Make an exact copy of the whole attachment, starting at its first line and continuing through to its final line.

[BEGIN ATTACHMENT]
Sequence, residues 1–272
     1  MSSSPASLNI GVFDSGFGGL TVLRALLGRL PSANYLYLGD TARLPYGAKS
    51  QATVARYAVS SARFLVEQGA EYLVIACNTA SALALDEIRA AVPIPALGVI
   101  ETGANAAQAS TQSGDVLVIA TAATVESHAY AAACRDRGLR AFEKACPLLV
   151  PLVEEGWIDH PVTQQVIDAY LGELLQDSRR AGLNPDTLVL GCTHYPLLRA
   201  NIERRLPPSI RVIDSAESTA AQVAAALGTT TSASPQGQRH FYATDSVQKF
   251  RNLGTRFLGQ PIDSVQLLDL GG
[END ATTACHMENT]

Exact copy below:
Sequence, residues 1–272
     1  MSSSPASLNI GVFDSGFGGL TVLRALLGRL PSANYLYLGD TARLPYGAKS
    51  QATVARYAVS SARFLVEQGA EYLVIACNTA SALALDEIRA AVPIPALGVI
   101  ETGANAAQAS TQSGDVLVIA TAATVESHAY AAACRDRGLR AFEKACPLLV
   151  PLVEEGWIDH PVTQQVIDAY LGELLQDSRR AGLNPDTLVL GCTHYPLLRA
   201  NIERRLPPSI RVIDSAESTA AQVAAALGTT TSASPQGQRH FYATDSVQKF
   251  RNLGTRFLGQ PIDSVQLLDL GG